In English, many things are named after a particular country – but have you ever wondered what those things are called in those countries?
- Arabic is a Semitic language related to Hebrew and Aramaic.
- Whereas Hebrew and Arabic are Semitic languages, Israeli is a Semito-European language.
- The Sumerian signs were used to write the Old Akkadian language which was Semitic.
- Both studied in Germany and spent time studying and teaching Hebrew and other Semitic languages; both were especially fascinated by the significance of Arabic for the study of ancient Semitic languages.
- Arabic, on the other hand, belongs to the Semitic language family.
- It's a Semitic language, totally unlike English.
- Arabic, like other Semitic languages, including Hebrew, is based on triliteral roots.
- Like the vestry that surrounded ancient anointed Semitic kings, the dove was symbolic both of God's approval and the installation of power to his servant for service.
- Some are ethnically Arab, which means that they are Semitic, and speak Arabic.
- Arabic, a Semitic language, was introduced by the Arab conquerors and has three different forms: classical, modern standard, and spoken.
- Arabic, the language of the majority and the official language of the country, is a Semitic tongue related to Hebrew, Aramaic, and Amharic.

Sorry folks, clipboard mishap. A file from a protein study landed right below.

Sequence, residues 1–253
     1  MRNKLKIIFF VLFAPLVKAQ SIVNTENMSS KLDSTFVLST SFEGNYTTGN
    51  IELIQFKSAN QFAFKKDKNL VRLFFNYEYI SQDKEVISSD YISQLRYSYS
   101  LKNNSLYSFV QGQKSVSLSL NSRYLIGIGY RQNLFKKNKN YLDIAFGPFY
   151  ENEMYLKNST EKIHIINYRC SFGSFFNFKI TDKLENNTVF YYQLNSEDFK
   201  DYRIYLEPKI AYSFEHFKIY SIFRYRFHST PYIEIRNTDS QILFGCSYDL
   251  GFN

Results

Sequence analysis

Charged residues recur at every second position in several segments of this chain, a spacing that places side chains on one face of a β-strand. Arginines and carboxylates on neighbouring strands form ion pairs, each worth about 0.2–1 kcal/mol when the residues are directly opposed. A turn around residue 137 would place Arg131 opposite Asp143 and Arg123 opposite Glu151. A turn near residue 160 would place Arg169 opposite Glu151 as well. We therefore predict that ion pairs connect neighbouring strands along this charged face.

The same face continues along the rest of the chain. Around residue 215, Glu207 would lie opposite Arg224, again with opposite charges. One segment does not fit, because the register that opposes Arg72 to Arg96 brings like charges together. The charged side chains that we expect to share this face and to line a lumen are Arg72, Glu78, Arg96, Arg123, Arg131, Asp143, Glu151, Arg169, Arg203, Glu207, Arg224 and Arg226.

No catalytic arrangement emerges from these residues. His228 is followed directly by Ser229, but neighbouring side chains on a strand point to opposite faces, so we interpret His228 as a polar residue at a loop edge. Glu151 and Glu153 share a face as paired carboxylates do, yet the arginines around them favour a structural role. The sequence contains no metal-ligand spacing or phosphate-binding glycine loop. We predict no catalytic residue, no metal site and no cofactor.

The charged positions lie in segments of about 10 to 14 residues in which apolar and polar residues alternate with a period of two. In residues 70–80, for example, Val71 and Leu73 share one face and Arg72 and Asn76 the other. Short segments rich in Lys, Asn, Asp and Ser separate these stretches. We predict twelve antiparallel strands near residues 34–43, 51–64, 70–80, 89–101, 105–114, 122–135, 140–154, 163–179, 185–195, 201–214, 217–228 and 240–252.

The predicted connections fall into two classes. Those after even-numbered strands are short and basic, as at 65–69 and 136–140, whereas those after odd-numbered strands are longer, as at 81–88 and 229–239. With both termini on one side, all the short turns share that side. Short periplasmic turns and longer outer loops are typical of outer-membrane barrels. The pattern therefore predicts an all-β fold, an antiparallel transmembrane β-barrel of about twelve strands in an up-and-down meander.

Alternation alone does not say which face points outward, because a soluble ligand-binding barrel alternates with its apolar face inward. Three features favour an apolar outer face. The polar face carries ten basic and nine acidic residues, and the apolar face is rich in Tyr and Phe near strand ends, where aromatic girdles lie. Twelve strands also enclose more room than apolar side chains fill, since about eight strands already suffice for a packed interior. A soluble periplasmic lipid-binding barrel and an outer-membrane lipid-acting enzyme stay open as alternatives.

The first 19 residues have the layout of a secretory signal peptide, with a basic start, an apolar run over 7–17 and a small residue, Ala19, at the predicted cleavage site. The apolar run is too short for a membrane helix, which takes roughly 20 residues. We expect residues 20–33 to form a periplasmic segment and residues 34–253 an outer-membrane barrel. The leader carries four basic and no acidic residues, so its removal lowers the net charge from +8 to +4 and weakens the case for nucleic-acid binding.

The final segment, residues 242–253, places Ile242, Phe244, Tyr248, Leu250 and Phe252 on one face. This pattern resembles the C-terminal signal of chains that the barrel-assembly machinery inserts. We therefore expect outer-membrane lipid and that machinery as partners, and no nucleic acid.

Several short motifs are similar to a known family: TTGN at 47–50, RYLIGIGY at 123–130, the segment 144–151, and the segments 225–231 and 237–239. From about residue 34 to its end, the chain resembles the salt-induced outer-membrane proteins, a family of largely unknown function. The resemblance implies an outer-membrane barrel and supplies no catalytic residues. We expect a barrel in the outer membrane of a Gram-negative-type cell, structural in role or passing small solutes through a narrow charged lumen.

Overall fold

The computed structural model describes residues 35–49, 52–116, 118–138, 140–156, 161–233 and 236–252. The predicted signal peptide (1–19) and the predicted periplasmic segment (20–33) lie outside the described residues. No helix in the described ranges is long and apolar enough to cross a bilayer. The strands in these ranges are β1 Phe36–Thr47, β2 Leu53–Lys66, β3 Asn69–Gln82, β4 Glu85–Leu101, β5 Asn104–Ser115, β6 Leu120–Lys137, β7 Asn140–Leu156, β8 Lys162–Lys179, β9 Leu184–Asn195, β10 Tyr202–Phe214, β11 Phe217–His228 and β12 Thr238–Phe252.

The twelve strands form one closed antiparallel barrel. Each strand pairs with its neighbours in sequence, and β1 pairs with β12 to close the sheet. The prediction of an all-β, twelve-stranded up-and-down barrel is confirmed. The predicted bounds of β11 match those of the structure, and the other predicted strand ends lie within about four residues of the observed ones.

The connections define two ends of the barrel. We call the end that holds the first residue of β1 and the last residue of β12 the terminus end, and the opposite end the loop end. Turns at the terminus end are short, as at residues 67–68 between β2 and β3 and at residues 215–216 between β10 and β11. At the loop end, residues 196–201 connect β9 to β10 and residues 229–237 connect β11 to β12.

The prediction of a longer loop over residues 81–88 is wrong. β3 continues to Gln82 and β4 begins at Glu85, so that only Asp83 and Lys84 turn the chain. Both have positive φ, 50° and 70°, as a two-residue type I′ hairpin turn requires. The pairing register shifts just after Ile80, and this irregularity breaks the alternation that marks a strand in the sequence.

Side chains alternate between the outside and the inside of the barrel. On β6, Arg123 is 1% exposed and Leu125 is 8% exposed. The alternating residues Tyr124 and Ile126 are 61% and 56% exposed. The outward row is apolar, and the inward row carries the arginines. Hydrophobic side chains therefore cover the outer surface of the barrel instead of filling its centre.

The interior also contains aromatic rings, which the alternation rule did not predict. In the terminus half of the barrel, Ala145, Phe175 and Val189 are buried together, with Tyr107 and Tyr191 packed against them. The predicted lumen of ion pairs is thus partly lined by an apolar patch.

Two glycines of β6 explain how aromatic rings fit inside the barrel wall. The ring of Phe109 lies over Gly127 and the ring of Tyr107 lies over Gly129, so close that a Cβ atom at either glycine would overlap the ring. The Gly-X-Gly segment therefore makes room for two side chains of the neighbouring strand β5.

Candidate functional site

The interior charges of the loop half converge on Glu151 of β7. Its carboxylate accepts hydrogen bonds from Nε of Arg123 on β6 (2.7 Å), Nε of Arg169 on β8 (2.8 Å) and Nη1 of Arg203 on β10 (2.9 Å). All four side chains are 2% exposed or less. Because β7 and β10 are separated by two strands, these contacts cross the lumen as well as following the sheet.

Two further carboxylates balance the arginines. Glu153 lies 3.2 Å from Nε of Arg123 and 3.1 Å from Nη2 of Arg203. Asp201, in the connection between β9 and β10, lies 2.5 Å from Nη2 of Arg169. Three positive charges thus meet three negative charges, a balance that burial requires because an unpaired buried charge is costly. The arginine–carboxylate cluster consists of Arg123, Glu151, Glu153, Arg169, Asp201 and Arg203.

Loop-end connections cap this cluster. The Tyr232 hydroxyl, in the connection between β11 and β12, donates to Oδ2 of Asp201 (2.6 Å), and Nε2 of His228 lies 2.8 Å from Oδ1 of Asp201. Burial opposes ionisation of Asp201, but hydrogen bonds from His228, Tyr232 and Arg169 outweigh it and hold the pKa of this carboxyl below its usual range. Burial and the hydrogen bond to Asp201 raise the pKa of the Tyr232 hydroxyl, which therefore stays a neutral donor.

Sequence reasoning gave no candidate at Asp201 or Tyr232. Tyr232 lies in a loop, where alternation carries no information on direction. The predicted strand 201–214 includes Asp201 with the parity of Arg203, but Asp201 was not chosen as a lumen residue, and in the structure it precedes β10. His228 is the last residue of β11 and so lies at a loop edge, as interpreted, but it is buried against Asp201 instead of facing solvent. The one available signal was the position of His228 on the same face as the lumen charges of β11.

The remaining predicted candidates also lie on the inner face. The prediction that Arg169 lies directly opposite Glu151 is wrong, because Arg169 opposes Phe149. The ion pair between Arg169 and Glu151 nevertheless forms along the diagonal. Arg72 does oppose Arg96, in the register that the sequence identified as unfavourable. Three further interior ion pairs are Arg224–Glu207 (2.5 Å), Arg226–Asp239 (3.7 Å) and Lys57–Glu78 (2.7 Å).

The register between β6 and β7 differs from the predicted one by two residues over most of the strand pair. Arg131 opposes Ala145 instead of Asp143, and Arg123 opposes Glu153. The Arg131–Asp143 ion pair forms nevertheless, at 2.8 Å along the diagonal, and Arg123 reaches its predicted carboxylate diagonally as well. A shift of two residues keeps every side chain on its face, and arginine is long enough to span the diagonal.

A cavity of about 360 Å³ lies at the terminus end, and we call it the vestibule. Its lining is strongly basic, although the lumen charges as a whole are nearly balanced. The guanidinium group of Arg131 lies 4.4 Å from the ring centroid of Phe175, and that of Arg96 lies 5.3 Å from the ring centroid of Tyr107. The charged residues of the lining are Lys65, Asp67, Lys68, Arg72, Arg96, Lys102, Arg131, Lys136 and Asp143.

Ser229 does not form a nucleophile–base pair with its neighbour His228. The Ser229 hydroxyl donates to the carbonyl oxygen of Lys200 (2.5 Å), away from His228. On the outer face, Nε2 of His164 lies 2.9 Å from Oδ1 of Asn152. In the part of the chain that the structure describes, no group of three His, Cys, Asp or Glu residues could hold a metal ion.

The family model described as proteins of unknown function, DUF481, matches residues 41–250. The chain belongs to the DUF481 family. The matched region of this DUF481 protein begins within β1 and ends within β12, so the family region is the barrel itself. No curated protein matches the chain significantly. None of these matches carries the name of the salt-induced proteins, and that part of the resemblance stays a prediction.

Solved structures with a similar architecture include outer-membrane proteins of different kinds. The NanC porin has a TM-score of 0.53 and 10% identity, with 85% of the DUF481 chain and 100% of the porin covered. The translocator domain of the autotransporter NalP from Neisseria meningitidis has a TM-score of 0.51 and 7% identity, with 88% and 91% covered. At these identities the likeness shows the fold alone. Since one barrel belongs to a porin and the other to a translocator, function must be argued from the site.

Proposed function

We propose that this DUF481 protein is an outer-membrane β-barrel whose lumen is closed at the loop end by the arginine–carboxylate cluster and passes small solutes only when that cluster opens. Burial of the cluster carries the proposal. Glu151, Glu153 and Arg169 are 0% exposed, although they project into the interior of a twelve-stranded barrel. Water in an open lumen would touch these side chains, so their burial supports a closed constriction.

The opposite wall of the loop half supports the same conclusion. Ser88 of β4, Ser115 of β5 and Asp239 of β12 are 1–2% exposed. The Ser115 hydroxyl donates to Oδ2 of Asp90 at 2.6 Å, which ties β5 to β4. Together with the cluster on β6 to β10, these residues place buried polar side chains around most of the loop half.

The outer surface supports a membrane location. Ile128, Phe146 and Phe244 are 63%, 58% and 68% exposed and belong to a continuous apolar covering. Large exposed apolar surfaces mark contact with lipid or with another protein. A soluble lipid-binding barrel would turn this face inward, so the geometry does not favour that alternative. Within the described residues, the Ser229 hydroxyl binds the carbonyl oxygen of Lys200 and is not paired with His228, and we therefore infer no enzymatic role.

- Dialects much changed in the new surroundings, needless to say - in Amharic, the ancient Semitic word for ‘almond’ now refers to the African groundnut.
- For the ancient Semitic world, of course, this watery chaos was the home of the great sea monster, the forces of death and destruction.
- It is called Geez, an ancient Semitic language used in the Coptic Christian Church.
- The Semitic mind speaks in terms of beings, beings that embody good and evil.
- Aramaic was the language of Semitic peoples - the Assyrians, Chaldeans, Hebrews and Syrians.
- Had they come to Israel at the end of the 19th century, Israeli would have been a very Semitic language, just like Arabic and Hebrew.
- Arabic is the youngest of the Semitic languages.
- The alphabet used to write Arabic from the 6th century to the present day is a form of Aramaic script that belongs to the family of Semitic scripts whose ultimate origins go back to Egyptian hieroglyphs.
- Arabic derives from the ancient Semitic languages.
- Diligently, he traces each letter from the ancient Semitic and Phoenician alphabets through Old English and Norman French, exploring shapes and pronunciation.
- Aramaic belongs to the Semitic language group historically centred in the Middle East.
- The rest of the population speaks languages drawn from Indo-European, Ural-Altaic, or Semitic language families.
- Moreover, the heart of the Islamic domain has always been the region closest to Europe… Arabic and Hebrew are Semitic languages, and together they dispose and redispose of material that is urgently important to Christianity.
- It is a Semitic language somewhat related to Arabic and Hebrew.
English has borrowed many of the following foreign expressions of parting, so you’ve probably encountered some of these ways to say goodbye in other languages.
Many words formed by the addition of the suffix –ster are now obsolete - which ones are due a resurgence?
As their breed names often attest, dogs are a truly international bunch. Let’s take a look at 12 different dog breed names and their backstories.